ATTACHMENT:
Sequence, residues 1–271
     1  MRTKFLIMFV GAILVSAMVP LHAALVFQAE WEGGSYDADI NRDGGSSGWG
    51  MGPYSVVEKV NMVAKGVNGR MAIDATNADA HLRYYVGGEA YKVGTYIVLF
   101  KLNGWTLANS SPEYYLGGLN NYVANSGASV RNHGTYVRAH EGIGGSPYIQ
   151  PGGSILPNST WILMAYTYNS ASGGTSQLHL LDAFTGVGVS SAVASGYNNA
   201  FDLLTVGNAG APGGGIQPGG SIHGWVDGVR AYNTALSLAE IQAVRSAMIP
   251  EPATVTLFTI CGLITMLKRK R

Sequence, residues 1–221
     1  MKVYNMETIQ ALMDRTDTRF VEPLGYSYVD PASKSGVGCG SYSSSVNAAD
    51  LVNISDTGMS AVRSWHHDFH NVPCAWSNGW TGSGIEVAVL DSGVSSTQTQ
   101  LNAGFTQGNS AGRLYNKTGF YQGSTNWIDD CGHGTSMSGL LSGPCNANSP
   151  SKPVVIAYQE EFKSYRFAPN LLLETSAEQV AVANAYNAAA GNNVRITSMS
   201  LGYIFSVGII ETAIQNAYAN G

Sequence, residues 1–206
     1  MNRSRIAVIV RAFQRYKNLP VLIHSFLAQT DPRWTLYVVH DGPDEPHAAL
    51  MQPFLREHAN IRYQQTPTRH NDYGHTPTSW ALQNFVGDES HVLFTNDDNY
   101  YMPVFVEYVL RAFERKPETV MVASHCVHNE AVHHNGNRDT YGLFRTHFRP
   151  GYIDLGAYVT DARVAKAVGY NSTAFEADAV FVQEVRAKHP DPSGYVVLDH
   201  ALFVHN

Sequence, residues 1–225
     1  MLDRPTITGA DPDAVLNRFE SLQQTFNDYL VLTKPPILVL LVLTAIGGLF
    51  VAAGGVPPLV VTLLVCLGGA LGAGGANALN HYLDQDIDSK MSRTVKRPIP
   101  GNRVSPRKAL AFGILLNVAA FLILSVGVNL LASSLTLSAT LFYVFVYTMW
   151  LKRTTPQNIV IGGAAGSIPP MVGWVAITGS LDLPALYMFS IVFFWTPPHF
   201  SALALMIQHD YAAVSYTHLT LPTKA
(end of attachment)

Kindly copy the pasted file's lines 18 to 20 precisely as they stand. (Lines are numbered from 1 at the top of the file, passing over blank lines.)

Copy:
   151  GYIDLGAYVT DARVAKAVGY NSTAFEADAV FVQEVRAKHP DPSGYVVLDH
   201  ALFVHN

Sequence, residues 1–225